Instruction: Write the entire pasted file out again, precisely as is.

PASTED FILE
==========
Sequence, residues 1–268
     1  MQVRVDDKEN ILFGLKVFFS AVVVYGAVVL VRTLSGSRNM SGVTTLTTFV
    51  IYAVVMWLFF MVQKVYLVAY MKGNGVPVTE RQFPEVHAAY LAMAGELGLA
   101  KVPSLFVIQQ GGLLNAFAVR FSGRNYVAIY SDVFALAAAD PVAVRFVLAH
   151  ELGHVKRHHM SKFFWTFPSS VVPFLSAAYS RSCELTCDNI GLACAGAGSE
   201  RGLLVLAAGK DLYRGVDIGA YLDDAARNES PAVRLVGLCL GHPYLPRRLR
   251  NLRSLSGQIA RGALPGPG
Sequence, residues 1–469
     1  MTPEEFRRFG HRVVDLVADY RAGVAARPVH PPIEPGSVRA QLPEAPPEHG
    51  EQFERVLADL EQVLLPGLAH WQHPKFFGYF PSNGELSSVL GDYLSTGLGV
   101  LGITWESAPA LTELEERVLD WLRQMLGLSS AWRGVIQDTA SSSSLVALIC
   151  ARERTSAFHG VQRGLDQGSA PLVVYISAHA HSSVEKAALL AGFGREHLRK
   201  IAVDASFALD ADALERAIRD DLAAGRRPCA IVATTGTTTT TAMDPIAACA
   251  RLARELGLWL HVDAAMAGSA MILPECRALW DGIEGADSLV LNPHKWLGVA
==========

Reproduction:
Sequence, residues 1–268
     1  MQVRVDDKEN ILFGLKVFFS AVVVYGAVVL VRTLSGSRNM SGVTTLTTFV
    51  IYAVVMWLFF MVQKVYLVAY MKGNGVPVTE RQFPEVHAAY LAMAGELGLA
   101  KVPSLFVIQQ GGLLNAFAVR FSGRNYVAIY SDVFALAAAD PVAVRFVLAH
   151  ELGHVKRHHM SKFFWTFPSS VVPFLSAAYS RSCELTCDNI GLACAGAGSE
   201  RGLLVLAAGK DLYRGVDIGA YLDDAARNES PAVRLVGLCL GHPYLPRRLR
   251  NLRSLSGQIA RGALPGPG
Sequence, residues 1–469
     1  MTPEEFRRFG HRVVDLVADY RAGVAARPVH PPIEPGSVRA QLPEAPPEHG
    51  EQFERVLADL EQVLLPGLAH WQHPKFFGYF PSNGELSSVL GDYLSTGLGV
   101  LGITWESAPA LTELEERVLD WLRQMLGLSS AWRGVIQDTA SSSSLVALIC
   151  ARERTSAFHG VQRGLDQGSA PLVVYISAHA HSSVEKAALL AGFGREHLRK
   201  IAVDASFALD ADALERAIRD DLAAGRRPCA IVATTGTTTT TAMDPIAACA
   251  RLARELGLWL HVDAAMAGSA MILPECRALW DGIEGADSLV LNPHKWLGVA